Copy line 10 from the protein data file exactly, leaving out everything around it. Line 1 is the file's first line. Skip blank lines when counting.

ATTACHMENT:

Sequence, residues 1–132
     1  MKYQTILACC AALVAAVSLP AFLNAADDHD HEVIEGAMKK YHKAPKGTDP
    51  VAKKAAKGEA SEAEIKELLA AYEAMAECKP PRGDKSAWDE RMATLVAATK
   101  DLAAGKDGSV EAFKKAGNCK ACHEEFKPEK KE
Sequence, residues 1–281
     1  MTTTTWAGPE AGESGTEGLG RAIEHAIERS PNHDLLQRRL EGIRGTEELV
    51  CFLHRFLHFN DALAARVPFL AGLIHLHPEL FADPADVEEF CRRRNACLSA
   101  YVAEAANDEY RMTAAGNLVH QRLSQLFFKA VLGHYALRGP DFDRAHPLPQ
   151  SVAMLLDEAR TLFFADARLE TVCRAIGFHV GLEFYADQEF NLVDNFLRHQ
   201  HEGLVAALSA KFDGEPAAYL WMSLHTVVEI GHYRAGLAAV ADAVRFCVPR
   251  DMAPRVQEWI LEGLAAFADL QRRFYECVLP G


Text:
   201  HEGLVAALSA KFDGEPAAYL WMSLHTVVEI GHYRAGLAAV ADAVRFCVPR